“Recovery” in mental health services, now and then: a poststructuralist examination of the despotic State machine's effects
assemblage, Deleuze and Guattari, mental health nursing, poststructuralism, recovery
Recovery is a model of care in (forensic) mental health settings across Western nations that aims to move past the paternalistic and punitive models of institutional care of the 20th century and toward more patient‐centered approaches. But as we argue in this paper, the recovery‐oriented services that evolved out of the early stages of this liberating movement signaled a shift in nursing practices that cannot be viewed only as improvements. In effect, as “recovery” nursing practices became more established, more codified, and more institutional(ized), a stasis developed. Recovery had been reterritorialized. The purpose of this paper is to examine some of the threads of recovery, from its early days of antipsychiatry activism to its codification into mental health—including forensic mental health—institutions through the lens of poststructuralist philosophers Gilles Deleuze and Felix Guattari. We believe that Deleuze and Guattari's scholarship provides the necessary, albeit uncomfortable, framework for this critical examination. From a conceptualization of recovery as an assemblage, we critically examine how we can go about creating something new, caught in a tension between stasis and change.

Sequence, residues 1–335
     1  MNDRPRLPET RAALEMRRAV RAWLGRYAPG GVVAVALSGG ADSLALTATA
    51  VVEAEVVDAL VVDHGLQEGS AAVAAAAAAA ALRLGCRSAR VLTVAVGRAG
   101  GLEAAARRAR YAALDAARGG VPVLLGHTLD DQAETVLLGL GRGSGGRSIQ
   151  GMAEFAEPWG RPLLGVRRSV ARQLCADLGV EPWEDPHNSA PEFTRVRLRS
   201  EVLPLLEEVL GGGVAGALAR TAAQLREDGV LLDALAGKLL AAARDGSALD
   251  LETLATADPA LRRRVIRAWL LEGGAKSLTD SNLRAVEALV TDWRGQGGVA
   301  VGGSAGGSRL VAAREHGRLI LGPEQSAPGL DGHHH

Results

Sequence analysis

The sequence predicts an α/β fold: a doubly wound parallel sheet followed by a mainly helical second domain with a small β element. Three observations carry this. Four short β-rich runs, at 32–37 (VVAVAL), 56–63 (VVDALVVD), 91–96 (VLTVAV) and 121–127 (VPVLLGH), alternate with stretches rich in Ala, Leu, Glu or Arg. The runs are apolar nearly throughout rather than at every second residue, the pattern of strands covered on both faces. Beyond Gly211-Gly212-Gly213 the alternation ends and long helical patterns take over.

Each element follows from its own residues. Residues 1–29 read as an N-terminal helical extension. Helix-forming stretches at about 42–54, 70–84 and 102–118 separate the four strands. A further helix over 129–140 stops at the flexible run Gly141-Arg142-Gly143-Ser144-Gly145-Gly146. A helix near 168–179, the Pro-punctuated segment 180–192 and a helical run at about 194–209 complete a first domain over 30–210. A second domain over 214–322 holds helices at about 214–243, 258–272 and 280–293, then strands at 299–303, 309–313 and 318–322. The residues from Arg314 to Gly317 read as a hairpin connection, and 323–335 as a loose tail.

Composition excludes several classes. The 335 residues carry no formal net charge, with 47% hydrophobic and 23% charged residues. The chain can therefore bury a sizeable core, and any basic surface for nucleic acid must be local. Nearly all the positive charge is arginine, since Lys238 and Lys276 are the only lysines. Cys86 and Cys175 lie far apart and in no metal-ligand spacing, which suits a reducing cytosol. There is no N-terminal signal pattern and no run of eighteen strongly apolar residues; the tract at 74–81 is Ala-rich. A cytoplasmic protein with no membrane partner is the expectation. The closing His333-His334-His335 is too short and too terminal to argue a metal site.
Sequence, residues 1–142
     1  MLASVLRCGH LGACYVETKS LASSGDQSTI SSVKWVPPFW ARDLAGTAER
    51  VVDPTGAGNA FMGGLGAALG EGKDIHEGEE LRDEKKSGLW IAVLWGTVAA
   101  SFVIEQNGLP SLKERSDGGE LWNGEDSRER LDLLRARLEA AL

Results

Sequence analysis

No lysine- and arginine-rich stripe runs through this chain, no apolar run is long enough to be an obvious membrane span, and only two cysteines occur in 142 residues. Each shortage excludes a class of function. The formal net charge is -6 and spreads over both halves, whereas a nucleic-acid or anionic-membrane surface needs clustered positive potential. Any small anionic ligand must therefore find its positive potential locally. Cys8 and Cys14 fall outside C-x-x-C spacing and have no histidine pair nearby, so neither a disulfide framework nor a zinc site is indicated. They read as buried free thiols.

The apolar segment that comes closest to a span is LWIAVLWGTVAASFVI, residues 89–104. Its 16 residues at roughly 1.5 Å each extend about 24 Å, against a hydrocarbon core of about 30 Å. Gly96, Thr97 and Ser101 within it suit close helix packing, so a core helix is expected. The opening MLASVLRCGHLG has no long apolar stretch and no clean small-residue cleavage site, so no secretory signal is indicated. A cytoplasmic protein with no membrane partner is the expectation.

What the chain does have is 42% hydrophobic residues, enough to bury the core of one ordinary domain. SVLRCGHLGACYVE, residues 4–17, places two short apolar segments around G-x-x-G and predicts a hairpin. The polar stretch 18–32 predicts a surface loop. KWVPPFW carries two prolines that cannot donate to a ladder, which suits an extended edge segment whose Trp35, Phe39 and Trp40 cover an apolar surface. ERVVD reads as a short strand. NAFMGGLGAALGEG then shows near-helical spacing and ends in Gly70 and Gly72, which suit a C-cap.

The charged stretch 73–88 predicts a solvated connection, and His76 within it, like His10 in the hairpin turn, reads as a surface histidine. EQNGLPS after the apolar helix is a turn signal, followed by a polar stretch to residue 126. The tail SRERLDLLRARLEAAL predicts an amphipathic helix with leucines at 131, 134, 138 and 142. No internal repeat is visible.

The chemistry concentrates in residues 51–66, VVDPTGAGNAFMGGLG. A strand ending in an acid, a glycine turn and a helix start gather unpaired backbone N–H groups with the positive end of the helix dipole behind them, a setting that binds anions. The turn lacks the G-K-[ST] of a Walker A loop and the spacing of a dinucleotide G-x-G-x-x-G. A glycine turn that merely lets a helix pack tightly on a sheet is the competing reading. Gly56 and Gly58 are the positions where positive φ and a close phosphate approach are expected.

Johansson, J. A., & Holmes, D. (2023). “Recovery” in mental health services, now and then: A poststructuralist examination of the despotic State machine's effects. Nursing Inquiry, e12558. https://doi.org/10.1111/nin.12558
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